Living in the Surrey Reptile House wasn’t bad, thought the python as he lay still on his favourite rock. His enclosure was nice and roomy, and it was handsomely appointed with lovely plants and rocks for him to lie on and bask under the bright light of the sunlamps in the ceiling. It even came with its own rock pool for his to have a dip in when the mood took him.
In return, all he had to do was move every once in a while and get stared at by the humans. It took a little while to get used to being stared at for most of the day, but he got used to their stares soon enough. He got fed every day, so he couldn’t complain.
Well, up until these humans came along…
“Make it move,” came the voice of an absolute brat, aged maybe around eleven or twelve. The python didn’t see many of the more irritating children, as they tended to like fluffy things more than scaly things, and didn’t really venture into the reptile house, finding them scary or otherwise unappealing.
A second later, there came half-a-dozen sharp knocks on the plastic partition.
“Move!” said the older voice of the boy’s father, presumably.
No such luck.
The boy then banged his fist a few times off of the partition impatiently.
“MOVE!” he screeched.
The python stayed still.
“He’s asleep!” Now this voice sounded much nicer than the previous two voices; younger, kinder, and, more importantly, showing that brat what a little twat he was being.
The python chanced a small glance towards the source of the noise. Thankfully, his big mop of thick, black hair was strewn over his face, so they couldn’t see his eyes moving.
There were four humans on the other side of the plexiglass: one man, one woman and two boys.
The man was quite rotund, with a flat cap, a big brown coat and a wiry, grey moustache that looked to be made out of old Brillo pads. The woman’s horsey face appeared to be made of straight lines and leather. The eldest of the two boys, like the man, was a bit porky, and was filling out his red argyle jumper.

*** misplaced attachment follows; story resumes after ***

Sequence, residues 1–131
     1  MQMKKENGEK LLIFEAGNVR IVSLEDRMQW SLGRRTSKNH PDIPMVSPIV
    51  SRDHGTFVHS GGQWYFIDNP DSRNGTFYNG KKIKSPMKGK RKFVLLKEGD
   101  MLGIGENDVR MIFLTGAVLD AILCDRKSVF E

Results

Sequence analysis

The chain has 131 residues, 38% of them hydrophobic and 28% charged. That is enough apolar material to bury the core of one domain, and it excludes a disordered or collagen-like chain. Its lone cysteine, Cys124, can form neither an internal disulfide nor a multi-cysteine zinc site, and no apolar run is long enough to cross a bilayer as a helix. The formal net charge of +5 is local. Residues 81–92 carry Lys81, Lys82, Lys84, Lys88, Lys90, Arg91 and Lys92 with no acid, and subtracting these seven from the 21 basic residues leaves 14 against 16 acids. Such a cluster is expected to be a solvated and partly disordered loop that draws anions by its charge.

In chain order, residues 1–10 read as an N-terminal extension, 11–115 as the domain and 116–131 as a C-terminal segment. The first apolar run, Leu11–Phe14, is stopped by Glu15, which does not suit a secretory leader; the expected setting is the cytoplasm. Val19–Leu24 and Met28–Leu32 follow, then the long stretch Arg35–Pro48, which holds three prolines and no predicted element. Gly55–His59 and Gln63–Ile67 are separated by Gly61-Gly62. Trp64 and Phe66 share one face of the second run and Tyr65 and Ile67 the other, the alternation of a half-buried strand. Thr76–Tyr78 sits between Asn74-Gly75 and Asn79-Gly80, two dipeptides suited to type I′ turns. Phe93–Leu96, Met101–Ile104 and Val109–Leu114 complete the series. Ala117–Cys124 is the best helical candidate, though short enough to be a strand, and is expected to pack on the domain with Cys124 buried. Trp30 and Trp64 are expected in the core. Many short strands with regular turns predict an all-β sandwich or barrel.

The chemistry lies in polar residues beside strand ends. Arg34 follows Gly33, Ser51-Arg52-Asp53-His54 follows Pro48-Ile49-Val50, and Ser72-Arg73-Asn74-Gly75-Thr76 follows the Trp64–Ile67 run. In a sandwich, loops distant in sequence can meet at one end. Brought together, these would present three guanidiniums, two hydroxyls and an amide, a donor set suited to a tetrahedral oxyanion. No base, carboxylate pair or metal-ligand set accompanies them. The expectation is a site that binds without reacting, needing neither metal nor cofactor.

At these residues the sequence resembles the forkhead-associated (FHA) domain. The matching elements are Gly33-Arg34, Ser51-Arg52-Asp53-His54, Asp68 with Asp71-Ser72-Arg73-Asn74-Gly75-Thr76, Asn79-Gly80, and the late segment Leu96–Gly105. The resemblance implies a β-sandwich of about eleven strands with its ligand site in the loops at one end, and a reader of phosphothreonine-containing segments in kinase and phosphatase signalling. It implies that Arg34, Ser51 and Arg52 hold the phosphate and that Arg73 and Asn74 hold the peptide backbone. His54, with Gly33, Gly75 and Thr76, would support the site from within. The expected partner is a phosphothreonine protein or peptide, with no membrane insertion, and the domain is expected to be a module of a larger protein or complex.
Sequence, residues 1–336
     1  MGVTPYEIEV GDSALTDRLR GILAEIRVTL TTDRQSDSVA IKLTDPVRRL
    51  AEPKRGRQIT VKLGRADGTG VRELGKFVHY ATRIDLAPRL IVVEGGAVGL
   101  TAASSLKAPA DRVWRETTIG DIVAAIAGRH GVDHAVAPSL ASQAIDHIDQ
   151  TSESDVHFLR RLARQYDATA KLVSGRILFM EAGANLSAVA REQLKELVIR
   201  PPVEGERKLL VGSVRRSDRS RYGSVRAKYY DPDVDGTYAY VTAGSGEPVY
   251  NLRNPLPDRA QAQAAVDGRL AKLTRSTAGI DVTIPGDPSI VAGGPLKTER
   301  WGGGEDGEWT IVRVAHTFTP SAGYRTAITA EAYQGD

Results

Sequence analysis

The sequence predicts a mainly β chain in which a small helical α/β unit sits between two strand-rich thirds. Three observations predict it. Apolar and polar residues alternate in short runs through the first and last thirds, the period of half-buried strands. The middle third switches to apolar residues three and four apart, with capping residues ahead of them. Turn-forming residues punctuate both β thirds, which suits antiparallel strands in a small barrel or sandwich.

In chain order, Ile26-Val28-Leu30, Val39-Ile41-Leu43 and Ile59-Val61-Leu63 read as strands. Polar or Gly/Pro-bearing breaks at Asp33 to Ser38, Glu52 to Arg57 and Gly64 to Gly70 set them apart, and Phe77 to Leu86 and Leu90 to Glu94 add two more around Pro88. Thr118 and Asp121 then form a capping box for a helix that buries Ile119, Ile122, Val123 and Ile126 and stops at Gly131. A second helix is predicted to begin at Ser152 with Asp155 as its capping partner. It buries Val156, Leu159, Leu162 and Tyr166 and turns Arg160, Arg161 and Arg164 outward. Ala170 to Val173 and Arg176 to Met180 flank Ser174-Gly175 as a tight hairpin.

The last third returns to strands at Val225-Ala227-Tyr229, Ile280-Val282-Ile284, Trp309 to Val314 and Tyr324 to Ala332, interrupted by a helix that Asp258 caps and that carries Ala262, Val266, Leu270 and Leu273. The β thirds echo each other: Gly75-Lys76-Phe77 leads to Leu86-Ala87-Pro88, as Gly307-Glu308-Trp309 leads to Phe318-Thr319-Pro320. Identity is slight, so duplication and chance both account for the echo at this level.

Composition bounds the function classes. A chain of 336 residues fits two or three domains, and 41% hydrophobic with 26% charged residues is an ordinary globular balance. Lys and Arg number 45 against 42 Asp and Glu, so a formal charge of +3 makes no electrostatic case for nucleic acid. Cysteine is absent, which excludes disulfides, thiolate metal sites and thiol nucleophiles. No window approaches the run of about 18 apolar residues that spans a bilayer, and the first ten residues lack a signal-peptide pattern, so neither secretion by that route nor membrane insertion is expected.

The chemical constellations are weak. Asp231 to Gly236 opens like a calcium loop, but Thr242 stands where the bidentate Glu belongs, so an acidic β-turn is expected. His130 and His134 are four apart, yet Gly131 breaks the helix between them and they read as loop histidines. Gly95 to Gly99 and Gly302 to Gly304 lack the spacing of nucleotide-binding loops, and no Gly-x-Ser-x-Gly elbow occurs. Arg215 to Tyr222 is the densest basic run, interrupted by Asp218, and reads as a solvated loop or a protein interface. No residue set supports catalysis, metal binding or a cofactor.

But the second boy was unlike these other three. He was small and thin, with unkempt hair, round spectacles and a purple-ish plaid shirt that was far too big for him.
“He’s boring,” the fat one said, and left with the large man and the horsey woman, leaving the python alone with the bespectacled one.
“Sorry about him,” he said, looking into the enclosure. “He doesn’t understand what it’s like, lying there day after day, watching people press their ugly faces in on you.”
At this, the python slowly raised himself up on his forearms and fixed his lamp-like yellow eyes on the boy, and winked.
The young lad’s own blue eyes widened considerably.
“Can you hear me?” he asked in a hushed whisper.
Tongue flickering, the green python nodded slowly as the boy continued to talk.
“It’s just… I’ve never talked to a snake before.” The boy hesitated for a second, before carrying on. “Do you, I mean… d’you talk to people often?”
The snake blinked, and shook its head.
“You’re from Burma, aren’t you? Was it nice there? D’you miss your family?”
In response, the python’s slit-pupiled yellow eyes travelled to the left and he flicked his black-haired head in that direction, indicating for the young human to look.
On the far left wall was a white plaque that read:
IRON PYTHON – BRED IN CAPTIVITY